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Nigeria: Christianity

Question for Foreign and Commonwealth Office

UIN HL7425, tabled on 28 July 2020

To ask Her Majesty's Government what assessment they have made of (1) the statement by the Rt Rev Abiodun Ogunyemi, the Anglican Bishop of Zaria, on 24 July, that the campaign against Christians in Nigeria is a “genocide”, and (2) the responsibilities of (a) the government of Kaduna State, (b) the government of Nigeria, and (c) the international community, under the 1948 Convention on the Prevention of Genocide; what plans they have to reassess the causes of the attacks against Christians in Nigeria; and whether any such plans will discount climate change as the major cause of such attacks.

Answered on

6 August 2020

We are aware of the statement made by the Right Reverend Abiodun Ogunyemion on 24 July. The UK Government condemns all incidents of intercommunal violence in Nigeria, including the recently reported attacks in Kaduna State referred to in the Bishop's statement. Intercommunal violence in Kaduna State and Nigeria more widely affects communities of all faiths. We have made clear to the Nigerian authorities, at the highest levels, the importance of protecting civilians and human rights for all.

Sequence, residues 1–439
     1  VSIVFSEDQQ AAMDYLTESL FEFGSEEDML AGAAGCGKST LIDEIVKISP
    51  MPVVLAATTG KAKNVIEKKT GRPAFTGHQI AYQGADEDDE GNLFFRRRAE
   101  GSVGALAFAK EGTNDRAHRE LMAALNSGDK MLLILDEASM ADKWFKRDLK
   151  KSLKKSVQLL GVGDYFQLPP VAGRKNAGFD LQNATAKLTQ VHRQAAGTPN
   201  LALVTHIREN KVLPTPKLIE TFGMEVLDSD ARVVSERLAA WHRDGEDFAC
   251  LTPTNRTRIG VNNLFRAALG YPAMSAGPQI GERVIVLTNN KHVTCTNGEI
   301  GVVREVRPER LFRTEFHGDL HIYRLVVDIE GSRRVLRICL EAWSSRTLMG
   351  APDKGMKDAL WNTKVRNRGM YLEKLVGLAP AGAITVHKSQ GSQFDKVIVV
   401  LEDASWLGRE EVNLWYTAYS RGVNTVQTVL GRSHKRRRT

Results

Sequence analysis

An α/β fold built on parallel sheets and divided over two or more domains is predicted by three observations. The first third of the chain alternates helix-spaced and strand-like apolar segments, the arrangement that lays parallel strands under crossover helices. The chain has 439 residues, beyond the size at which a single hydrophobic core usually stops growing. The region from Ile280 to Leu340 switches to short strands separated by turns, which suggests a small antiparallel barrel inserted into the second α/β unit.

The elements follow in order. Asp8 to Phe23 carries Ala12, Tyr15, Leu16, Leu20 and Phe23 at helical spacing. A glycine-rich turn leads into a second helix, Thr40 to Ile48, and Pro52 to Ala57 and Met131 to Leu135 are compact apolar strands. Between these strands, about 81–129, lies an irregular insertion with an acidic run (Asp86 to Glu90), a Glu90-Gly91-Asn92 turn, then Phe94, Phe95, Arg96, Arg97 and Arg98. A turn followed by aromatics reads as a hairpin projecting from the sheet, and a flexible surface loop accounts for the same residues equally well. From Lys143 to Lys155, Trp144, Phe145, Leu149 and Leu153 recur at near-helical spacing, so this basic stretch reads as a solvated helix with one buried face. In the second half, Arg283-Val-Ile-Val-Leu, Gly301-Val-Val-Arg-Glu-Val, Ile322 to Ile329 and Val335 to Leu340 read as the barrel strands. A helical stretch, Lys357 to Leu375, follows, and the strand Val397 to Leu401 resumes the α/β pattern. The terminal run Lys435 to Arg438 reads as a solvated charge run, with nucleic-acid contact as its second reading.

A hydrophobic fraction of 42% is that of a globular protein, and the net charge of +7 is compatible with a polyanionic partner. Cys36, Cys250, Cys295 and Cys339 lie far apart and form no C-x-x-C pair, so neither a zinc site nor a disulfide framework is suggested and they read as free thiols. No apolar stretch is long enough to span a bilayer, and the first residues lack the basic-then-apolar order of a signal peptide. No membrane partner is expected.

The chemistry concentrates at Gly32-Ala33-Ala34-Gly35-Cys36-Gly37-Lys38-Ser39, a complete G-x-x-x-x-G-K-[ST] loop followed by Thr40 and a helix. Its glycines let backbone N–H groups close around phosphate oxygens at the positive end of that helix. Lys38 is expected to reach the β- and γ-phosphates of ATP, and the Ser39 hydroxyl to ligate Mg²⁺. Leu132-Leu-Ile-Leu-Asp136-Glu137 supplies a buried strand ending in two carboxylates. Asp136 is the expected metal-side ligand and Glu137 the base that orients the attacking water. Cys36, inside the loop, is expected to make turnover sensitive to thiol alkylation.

It is UK Government policy not to unilaterally determine whether genocide has occurred, in line with the Genocide Convention. This is a matter for competent courts and tribunals, including the International Criminal Court, after consideration of all the evidence, rather than governments or non-judicial bodies.

The UK Government's assessment remains that climate change is one of the drivers of intercommunal violence in Nigeria because of the resulting competition for natural resources. The Bishop of Truro also considered the effects of climate change on intercommunal violence in Nigeria in his independent report on the global persecution of Christians.